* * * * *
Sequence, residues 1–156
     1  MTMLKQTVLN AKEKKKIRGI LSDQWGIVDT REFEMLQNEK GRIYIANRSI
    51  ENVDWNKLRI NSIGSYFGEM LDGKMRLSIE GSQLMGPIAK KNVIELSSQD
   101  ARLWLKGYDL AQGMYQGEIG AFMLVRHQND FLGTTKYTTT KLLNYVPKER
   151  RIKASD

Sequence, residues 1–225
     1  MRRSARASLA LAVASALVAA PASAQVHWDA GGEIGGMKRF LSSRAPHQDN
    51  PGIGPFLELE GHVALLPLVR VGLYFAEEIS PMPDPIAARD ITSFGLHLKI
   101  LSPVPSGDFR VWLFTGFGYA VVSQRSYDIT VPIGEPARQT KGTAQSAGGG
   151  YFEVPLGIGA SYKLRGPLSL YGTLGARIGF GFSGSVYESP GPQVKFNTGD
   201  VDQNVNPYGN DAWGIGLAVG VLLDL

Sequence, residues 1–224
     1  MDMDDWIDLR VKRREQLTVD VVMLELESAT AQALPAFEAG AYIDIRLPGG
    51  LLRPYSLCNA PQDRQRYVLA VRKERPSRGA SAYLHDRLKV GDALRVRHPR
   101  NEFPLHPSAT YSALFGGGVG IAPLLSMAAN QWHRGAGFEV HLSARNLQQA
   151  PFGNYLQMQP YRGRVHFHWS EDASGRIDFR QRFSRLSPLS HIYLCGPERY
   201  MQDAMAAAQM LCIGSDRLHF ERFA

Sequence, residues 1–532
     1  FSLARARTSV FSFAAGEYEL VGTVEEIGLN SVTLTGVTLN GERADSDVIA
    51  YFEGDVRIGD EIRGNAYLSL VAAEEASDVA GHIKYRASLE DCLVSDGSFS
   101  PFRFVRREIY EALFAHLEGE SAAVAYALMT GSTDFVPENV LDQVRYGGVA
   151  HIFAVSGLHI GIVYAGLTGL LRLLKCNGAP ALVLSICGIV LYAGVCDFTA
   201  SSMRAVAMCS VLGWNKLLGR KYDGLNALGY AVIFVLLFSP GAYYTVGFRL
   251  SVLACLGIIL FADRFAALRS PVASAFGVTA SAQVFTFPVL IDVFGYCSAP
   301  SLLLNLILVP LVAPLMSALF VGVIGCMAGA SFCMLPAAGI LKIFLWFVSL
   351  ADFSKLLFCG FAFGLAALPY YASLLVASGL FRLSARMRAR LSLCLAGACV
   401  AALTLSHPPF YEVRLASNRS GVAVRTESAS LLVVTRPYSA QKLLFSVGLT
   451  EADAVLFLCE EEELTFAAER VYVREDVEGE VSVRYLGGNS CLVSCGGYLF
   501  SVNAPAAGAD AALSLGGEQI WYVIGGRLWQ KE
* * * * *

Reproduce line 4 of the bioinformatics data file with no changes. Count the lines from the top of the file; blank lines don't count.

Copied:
   101  ARLWLKGYDL AQGMYQGEIG AFMLVRHQND FLGTTKYTTT KLLNYVPKER